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Villa Joa All signed architect Tommie Wilhelmsen is something for himself. It rises slightly above ground level and it almost looks like the whole house is about to lift and leave mother earth.
It’s no wonder, as the source of inspiration for this house was a plane landing.
An interior of the ocean
– The building is 16 meters long and has a continuous glass facade on the top floor. This means, among other things, that the main shelters open completely to the ocean and the north-west, comments architect Wilhelmsen to Bonytt. no.
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He has previously also noted remarkable architecture. Among other things, with a viewpoint that hangs many hundred meters above the Aurlandsfjord and spectacular villas. Fourteen of these are described in a separate book.
Both heavy and soft body
However, despite the fact that the house at Sola has a very compact construction and lead-thin materials, the building is soft and free on top of an arch. As such, it glides naturally into the rolling terrain around.
Inspired by functionists
In particular, the first houses of Tommie Wilhelmsen are special, “says Eirik T. Bøe, art historian and architect of architecture in the big Norwegian dictionary for Bonytt. no. Wilhelmsen makes the houses as the functionists would like to have them; very open and airy. But it is only in our days that the technique makes this possible, says the expert.
Floating Sculptural Shapes
Bøe adds that it is interesting to see how Wilhelmsen often puts his buildings on socks raised a little above the terrain. This gives them a distinctive, sculptural form.
Highlight, do not subvert the landscape
The art historian emphasizes that the term organic used frequently about Tommie Wilhelmsen’s homes does not concern that this architect wants to submit to the landscape – such as, for example, Norwegian architectural pioneers such as Knut Knutsen and Wenche Selmer advocated.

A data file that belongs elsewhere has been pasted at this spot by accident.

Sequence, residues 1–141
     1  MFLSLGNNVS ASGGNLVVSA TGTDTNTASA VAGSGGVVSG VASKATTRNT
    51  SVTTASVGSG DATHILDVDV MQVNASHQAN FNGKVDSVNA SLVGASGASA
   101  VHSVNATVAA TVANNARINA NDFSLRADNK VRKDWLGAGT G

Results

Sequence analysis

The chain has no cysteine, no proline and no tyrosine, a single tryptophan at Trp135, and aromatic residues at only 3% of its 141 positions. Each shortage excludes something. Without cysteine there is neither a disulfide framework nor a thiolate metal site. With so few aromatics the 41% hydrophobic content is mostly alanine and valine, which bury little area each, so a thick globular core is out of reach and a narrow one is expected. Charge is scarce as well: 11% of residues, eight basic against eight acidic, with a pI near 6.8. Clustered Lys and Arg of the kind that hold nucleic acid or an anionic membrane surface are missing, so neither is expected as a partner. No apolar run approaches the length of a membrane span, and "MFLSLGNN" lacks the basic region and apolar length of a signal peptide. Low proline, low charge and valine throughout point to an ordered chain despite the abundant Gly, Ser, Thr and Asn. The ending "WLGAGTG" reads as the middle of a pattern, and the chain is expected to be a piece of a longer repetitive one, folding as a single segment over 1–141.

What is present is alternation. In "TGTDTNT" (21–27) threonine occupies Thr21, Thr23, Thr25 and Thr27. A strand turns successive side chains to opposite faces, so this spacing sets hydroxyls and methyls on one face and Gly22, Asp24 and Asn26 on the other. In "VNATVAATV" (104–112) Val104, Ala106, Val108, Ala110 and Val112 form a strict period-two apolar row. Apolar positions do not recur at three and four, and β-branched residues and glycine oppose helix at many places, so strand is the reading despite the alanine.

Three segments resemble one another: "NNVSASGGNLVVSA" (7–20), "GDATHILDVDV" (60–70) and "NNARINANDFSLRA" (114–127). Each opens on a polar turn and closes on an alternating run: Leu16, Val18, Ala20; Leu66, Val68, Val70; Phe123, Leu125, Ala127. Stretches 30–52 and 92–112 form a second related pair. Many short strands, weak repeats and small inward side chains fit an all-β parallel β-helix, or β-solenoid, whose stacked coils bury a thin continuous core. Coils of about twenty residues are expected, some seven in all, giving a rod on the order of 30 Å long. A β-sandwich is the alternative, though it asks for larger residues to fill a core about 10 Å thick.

Playfulness and pleasure
– My ambition was to create an expressive and playful house that was easy too, explains Wilhelmsen. In addition to giving residents protection against wind and weather, it would give the owners pleasure and pleasure, “he says.
Terraced to the sea
The architect adds that this house is otherwise designed as a kind of landscape terrace. This special step was given to Wilhelmsen’s idea, for example, to have seen how classic, Italian and southern French homes open up against the Mediterranean.
Highlights the swollen forms.
One thing is that Wilhelmsen used materials that would be good to touch. In addition, he chose special material combinations to emphasize the soft curves of the house.
This seems extraordinary in the giant entrance in the top level. Here the flooring materials in white-oiled oak continue on the wall and further to cover the entire ceiling.
Borderless main floor
The entire main floor with living rooms and kitchen is shaped like a single large room. Here there are no boundaries in the form of thresholds or partitions. It is the actual furnishing that forms the different zones for either work and rest in this house.
The landscape is a part of the decor
The result is elegant – not least because nature just outside the doorway contributes and becomes a unique, ever-changing experience element in the house.
A traditional lower floor
The lower floor is divided into the more traditional room types everyone knows; bedrooms, wardrobes, bathroom, office, technical room and laundry room.
Glass wall opens to concrete terrace
Off the living room opens wide sliding doors onto a terrace that is in line with the ridge. It seems like it hardly touches the terrain.
Heaven over the Jutland
– I think there is often too little emphasis that houses should give the owners life happiness and energy, says architect Tommie Wilhelmsen on the left. Here together with the developer, Per Inge Hamre in Husgalleriet.
– A well-done home can actually be a kind of show of life art. And then I think the building shows the ability to appreciate the near things like the sky above the Jærhavet or endless fields with corn axes that wind in the wind.
Like a plane landing
– Otherwise, the contour of a plane that landed was one of my most important sources of inspiration for this Sola villa. Set at the top of the house, this house is only one, only stretch ends architect Tommie Wilhelmsen.
– Tommie Wilhelmsen’s strong side as an architect is that he is what I want to call an artist. He draws homes that are playful, says housing developer Per Inge Hamre in Husgalleriet.
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